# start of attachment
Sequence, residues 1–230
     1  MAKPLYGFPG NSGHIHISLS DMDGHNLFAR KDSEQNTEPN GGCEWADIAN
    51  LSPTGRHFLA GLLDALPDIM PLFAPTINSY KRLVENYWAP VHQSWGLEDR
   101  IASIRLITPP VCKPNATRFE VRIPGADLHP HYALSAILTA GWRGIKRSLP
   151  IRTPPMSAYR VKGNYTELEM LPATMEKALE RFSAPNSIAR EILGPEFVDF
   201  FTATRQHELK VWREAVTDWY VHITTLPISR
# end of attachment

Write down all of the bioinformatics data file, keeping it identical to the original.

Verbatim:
Sequence, residues 1–230
     1  MAKPLYGFPG NSGHIHISLS DMDGHNLFAR KDSEQNTEPN GGCEWADIAN
    51  LSPTGRHFLA GLLDALPDIM PLFAPTINSY KRLVENYWAP VHQSWGLEDR
   101  IASIRLITPP VCKPNATRFE VRIPGADLHP HYALSAILTA GWRGIKRSLP
   151  IRTPPMSAYR VKGNYTELEM LPATMEKALE RFSAPNSIAR EILGPEFVDF
   201  FTATRQHELK VWREAVTDWY VHITTLPISR